Wax. What kind of company would fire a fabricator just for having it on his person? Turns out, Old World Stone, in Huntley, IL will. And for good reason.
“I kept catching the guys with wax and I asked them what they were using it for. ‘Oh,’ they said, ‘this is for little spots where it is hard to get to, where it’s hard to polish.’ I said, ‘No! Our customers are paying for a polished job, so polish it. There is no more wax allowed in the shop.’ Then, later, I found out a couple of guys were sneaking wax into the shop and I said, ‘If I find any wax in the shop, someone’s going to get fired over it.’ We haven’t had any wax since. That was eight years ago.”
It’s that uncompromising commitment to quality that has helped Vaccaro grow his business from start-up to becoming a major player in Chicagoland over the last 10 years. And that’s with no prior experience.
Serendipity or Insanity?
“I started this company with a couple of partners,” he explains. “They had come to me asking questions about starting a business, like where do you find a lawyer, and an accountant? So I said, ‘Do you guys want another partner in this thing?’ And they said, ‘We thought you would never ask.’ That lasted about a year. They just wanted to build the tops quickly and get them out the door. We parted company and they are still dong one or two kitchens per week, and we are doing 3-4 kitchens per day.”
A plumber by trade, Vaccaro has dipped his toe into all kinds of water, including home and commercial construction and owning his very own ostrich farm. “We had 43 ostriches at my house. It was something else trying not to get kicked at feeding time.”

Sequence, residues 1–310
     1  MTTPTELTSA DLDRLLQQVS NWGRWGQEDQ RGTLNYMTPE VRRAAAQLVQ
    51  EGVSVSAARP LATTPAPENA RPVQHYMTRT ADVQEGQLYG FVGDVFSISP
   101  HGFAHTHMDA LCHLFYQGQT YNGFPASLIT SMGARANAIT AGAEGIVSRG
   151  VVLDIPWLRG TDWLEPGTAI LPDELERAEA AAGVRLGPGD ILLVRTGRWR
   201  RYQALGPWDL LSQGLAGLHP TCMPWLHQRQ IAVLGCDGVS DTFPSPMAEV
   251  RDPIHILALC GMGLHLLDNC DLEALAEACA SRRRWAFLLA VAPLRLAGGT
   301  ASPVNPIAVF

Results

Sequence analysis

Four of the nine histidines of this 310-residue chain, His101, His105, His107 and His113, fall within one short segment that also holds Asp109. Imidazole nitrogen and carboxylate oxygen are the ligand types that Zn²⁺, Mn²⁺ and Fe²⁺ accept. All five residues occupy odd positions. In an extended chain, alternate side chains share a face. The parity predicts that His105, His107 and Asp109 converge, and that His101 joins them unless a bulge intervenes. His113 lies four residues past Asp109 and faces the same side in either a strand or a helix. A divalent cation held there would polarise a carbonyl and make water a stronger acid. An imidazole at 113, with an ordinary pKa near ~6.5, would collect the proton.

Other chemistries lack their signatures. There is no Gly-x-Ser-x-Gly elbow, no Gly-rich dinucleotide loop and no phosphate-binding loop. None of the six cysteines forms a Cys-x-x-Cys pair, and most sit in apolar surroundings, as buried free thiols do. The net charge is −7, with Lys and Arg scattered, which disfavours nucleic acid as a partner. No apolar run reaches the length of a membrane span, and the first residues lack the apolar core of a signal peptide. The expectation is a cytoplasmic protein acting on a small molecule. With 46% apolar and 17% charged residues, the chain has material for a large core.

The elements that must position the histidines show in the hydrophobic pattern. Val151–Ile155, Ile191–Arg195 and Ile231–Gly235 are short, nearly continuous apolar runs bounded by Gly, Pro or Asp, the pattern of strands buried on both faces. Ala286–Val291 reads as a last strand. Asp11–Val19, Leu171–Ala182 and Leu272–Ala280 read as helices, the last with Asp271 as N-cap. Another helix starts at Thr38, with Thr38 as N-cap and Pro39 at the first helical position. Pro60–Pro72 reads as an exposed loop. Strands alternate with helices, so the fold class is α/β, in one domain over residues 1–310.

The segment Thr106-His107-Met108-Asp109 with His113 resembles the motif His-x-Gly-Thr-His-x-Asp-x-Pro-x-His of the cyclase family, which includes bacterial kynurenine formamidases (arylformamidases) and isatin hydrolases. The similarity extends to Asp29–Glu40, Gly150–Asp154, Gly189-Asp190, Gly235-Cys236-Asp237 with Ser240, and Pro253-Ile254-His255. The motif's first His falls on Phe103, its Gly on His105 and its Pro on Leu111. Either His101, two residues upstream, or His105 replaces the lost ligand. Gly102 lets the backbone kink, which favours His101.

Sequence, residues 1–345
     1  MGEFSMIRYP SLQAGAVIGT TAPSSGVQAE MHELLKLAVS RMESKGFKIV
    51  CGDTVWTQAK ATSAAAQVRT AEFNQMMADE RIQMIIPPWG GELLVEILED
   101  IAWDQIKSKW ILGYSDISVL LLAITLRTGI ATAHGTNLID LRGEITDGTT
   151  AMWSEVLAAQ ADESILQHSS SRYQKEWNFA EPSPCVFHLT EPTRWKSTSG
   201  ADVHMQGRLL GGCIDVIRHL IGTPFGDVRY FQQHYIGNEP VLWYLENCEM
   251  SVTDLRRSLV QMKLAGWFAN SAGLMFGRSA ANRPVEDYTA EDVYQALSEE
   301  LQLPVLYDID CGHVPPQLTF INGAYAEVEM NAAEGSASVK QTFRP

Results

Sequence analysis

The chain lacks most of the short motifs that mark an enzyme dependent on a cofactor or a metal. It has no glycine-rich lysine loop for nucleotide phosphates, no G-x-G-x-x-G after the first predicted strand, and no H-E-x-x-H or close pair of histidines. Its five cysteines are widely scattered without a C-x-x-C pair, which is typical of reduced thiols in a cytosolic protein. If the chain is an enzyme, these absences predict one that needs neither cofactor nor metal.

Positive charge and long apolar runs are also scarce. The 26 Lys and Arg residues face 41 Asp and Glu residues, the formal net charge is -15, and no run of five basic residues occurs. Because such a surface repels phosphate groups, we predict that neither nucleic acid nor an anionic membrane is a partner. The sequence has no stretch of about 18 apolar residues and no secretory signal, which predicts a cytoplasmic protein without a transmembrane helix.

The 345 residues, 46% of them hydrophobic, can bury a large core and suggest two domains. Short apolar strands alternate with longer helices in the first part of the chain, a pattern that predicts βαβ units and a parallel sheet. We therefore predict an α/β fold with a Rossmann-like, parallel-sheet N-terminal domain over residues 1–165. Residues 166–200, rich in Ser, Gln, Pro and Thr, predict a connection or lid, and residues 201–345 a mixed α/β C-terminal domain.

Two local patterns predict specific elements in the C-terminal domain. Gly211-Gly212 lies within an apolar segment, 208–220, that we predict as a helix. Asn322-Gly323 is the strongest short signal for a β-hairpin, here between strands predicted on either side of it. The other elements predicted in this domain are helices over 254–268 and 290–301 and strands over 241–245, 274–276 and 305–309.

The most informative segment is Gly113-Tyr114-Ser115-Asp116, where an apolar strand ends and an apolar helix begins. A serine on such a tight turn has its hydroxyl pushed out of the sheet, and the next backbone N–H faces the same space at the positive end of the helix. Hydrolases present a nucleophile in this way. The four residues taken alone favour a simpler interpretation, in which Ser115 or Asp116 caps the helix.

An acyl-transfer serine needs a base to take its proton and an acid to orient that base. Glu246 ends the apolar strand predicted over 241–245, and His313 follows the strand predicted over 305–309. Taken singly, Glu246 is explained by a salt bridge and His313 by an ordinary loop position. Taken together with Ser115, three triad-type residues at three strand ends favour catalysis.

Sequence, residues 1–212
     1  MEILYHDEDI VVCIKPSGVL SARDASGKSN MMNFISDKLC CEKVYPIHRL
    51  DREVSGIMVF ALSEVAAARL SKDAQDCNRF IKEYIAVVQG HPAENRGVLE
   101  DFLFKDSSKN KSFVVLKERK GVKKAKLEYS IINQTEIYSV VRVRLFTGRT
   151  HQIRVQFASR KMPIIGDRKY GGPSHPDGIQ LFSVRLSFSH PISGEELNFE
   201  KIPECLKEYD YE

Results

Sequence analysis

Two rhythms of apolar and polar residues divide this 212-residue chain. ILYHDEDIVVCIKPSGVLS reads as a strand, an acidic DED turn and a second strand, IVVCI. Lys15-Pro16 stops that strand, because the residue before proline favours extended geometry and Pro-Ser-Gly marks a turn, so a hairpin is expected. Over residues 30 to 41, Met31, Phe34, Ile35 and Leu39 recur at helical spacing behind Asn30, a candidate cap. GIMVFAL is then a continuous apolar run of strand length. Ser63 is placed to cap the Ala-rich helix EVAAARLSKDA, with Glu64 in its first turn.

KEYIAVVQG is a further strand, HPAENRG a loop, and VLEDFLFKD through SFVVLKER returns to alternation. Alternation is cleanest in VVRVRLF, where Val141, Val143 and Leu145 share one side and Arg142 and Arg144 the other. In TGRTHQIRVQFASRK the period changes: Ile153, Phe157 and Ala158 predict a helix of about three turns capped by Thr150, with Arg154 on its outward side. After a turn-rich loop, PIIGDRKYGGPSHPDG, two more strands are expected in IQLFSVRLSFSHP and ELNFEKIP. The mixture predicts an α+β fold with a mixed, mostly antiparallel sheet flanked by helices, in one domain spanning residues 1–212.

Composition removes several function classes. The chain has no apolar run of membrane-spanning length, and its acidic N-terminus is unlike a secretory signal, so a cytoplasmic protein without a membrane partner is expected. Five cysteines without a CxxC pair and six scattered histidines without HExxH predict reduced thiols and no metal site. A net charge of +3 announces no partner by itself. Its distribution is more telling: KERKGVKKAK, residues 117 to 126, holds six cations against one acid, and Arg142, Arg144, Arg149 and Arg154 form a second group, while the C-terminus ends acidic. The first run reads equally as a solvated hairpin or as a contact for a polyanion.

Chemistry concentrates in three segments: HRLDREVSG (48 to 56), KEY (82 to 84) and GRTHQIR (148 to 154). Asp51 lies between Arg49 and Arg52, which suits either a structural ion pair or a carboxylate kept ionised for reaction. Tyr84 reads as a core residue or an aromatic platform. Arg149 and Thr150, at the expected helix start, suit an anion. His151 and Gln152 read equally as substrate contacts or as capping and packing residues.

So, even though he was a total newbie when it came to stone fabrication, Vaccaro knew how to hire the right people – and he is good at solving problems. Things like rodding all countertops at every cutout to reduce breakage in transit; furnishing uniforms for the installers and requiring them to wear booties anytime they entered a customer’s home; or completely changing his customer base from 95% new construction in 2008 to 95% kitchen and bath dealer in 2009.
“In 2008 I looked at my general manager and said, ‘We are either going to roll over and die, or we need to get some work in here.’ So we hired a fellow who was familiar with a lot of kitchen and bath companies and he kept us alive,” Vaccaro remembers. “He started bringing the work in. We managed to do about the same volume in 2009 as we did in 2008, and we increased 30% in 2010. In 2011 we went up about 18%, and this past year we went up another 18%.”
It was quite an accomplishment, especially when one considers the highly competitive Chicago market, where kitchen and bath dealers had become practically an endangered species. This was in an environment where it seemed the only thing that was mattered was how low you could go on price.
“We only approached the dealers who were really interested in a quality product,” he says. “We would just stop in and keep introducing ourselves over and over again until they knew who we were. Finally, that job would come around where they would call us at 8 in the morning and ask if we could come and measure a kitchen right away. Our response was always, ‘What time do you want us there?’ Then once they used us, and then tried us again, we would get all their work.”
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